This 1921-1952 collection of death certificates and indexes, in partnership with the Michigan Department of Community Health and FamilySearch, covers a critical period in the growth and development of Michigan. Here, researchers will find evidence of the influx of Eastern European immigration, the emergence of Detroit as the automotive capital of the world, and a state crippled by the Great Depression. Those ancestors that immigrated to Michigan, worked the assembly line, and struggled to make ends meet can all be found here.

An individual’s last name, first name, county and township/village/city of death, birth year, age, and parents’ names are all indexed and searchable. Additional information, including the decedent’s occupation, cause of death, burial location, and birthplace is listed on the certificate itself.

Michigan death records from 1897-1952 are now all in one place, for free! And, as luck would have it, Seeking Michigan is also celebrating its 6th birthday today.

Sunday's Obituary: Estelle Fenn Shaw

15 March 2015

You never know what you will find when searching newspapers for family obituaries!  I was at my local library, Helen Warner Branch of Willard Library, searching for Battle Creek Enquirer news articles.  I was looking for an obituary for my great grandmother, Hattie Fenn Glover.  I didn't find Hattie's obituary, but I found her sister's, Estelle Fenn Shaw.


Mrs. Estelle Shaw Was Member of Prominent, Mother of Publisher.

     Mrs. Estelle Shaw, member of a well known family of Jackson and sister of Mrs. Hattie Glover of Goguac lake, died at 2:30 o'clock Friday afternoon at the home of her daughter, Mrs. R.H. Rossman, in Jackson. Mrs. Shaw was the widow of the late James F. Shaw, who was a prominent shoe merchant of Jackson. She had been ill about two weeks according to the message received by her Battle Creek relatives.
     Mrs. Shaw is survived by two children, the daughter at whose home she died and a son, Arch Wilkinson Shaw of Chicago, well known publisher.  She is also survived by the sister, Mrs. Glover, who lives with her daughter, Mrs. Victor Tyson, 103 Lakefront, Goguac lake and two brothers, Tully D. Fenn of route five, Battle Creek and George Fenn of Hersey, Osceola county. Mrs. Shaw had often visited in Battle Creek.
     Funeral services will be held Monday afternoon at 2:30 from the daughter's home in Jackson.  All of the Battle Creek relatives will motor over to attend the service.  Burial will be in Jackson cemetery.

Source:  Obituary: Local Woman's Sister Succumbs in Jackson, Battle Creek Enquirer, Battle Creek, Calhoun, Michigan, United States, 15 July 1934, page 3; column 6.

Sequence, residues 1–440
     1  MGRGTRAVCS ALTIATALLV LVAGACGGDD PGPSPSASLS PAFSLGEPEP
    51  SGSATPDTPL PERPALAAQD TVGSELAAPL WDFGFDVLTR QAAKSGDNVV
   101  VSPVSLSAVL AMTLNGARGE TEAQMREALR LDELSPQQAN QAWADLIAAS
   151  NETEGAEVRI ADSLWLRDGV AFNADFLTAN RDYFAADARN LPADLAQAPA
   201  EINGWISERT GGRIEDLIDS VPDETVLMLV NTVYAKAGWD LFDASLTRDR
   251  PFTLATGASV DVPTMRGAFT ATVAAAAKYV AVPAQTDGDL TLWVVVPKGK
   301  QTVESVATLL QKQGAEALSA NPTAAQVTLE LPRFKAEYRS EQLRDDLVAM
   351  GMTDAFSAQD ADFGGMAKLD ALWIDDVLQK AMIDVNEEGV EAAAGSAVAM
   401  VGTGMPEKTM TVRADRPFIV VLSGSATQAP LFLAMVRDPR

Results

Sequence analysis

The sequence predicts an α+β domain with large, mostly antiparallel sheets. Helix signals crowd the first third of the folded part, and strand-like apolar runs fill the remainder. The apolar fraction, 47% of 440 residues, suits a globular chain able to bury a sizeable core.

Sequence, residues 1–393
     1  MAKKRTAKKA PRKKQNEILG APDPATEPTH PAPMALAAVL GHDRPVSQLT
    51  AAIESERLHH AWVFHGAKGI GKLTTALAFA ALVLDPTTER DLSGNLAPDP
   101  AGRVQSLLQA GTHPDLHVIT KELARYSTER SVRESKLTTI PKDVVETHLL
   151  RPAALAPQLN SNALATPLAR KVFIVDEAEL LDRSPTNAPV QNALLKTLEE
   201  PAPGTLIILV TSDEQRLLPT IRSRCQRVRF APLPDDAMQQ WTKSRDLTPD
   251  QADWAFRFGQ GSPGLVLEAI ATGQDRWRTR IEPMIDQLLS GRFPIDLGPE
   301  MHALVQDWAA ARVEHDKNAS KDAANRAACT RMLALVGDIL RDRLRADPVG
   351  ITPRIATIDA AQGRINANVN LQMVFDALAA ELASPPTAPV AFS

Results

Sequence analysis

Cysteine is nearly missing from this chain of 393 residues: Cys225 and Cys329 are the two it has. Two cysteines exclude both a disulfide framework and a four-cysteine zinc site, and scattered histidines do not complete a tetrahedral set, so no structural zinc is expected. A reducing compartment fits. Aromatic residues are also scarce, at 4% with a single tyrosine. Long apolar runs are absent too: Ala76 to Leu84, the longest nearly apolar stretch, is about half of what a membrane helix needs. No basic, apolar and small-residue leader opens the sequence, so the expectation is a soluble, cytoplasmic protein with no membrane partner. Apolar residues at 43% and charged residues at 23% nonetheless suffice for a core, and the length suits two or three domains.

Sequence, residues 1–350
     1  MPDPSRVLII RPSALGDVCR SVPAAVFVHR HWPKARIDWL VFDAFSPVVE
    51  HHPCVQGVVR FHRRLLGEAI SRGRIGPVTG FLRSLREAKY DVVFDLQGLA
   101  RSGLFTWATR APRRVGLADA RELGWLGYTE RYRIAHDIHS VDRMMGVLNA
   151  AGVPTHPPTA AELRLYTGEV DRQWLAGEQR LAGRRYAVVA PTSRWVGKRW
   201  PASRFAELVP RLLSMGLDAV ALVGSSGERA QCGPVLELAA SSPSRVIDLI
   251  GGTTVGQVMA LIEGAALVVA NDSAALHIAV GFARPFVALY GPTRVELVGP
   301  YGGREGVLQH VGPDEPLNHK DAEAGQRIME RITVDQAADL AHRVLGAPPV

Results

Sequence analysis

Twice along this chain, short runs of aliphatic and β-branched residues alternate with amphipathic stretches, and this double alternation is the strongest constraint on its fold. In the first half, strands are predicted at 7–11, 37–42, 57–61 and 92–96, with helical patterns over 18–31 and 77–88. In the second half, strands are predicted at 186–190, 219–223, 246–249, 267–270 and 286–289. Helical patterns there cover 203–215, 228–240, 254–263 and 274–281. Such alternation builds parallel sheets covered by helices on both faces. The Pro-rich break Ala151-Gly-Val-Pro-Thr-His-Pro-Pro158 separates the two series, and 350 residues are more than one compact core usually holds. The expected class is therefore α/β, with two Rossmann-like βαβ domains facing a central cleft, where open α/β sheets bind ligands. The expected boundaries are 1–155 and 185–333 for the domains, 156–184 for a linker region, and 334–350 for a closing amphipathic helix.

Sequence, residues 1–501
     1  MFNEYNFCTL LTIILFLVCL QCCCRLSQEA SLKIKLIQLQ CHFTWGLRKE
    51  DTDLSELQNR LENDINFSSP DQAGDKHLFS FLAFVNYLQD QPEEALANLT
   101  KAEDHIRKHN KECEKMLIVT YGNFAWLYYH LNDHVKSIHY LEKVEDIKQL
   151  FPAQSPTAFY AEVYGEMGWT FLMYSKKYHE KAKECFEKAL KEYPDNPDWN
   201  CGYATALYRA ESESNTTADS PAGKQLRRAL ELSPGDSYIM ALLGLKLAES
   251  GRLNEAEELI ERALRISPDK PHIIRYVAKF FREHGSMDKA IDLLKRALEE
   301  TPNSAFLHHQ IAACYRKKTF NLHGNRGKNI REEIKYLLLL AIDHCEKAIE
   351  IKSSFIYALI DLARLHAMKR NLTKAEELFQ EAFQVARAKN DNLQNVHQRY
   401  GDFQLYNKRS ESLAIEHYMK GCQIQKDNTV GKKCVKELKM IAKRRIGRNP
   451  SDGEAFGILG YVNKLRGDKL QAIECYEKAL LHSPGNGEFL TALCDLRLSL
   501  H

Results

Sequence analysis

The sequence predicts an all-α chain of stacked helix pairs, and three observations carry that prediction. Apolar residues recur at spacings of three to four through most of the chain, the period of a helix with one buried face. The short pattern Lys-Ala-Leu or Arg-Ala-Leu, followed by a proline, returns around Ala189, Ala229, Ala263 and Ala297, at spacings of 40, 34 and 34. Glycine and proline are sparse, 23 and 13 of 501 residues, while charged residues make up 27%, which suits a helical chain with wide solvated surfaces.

Exciting Times for the Archives of Michigan

13 March 2015

It is an exciting time to be researching at the Archives of Michigan.  Kris Rzepczynski, Senior Archivist at the Archives of Michigan presented at the Michigan Genealogical Council Delegate Meeting yesterday.  He shared with the group what is going on within the Archives and there is a lot to look forward to in the coming months.

First, the Archives of Michigan received a large donation from the Detroit News, this includes:
  • Detroit News Card Index- 1 million subject card index spanning 1890-1990's has been scanned and will be available within the week at seekingmichigan.org.  To find, click Seek, then Indexes, then Detroit News.
  • Newspaper Clipping Subject Files that the above index points to are available through the Archives of Michigan.  These are stored off site, so if one is interested you would have to notify the Archives of Michigan which clippings you would like to see before visiting the Archives, about two-three days before your visit. Due to copyright issues, the clippings will have to be viewed at the Archives, no email requests for clippings to be sent will be available.
  • Detroit City Directories-Pristine condition, nearly complete run of these directories are now on the shelf at the Archives of Michigan.
  • Other newspaper files that will be available after processing includes:
    • Newspaper photo files/negatives from 1930-present.
    • Set of Detroit Times microfilm
    • Full run of Detroit News in bound volumes
    • Detroit Free Press clipping files
The Detroit News and the Detroit Free Press included the Detroit area, statewide, and national news. Do you want to know about the Detroit Riots that took place in July of 1967?  This would be a great resource.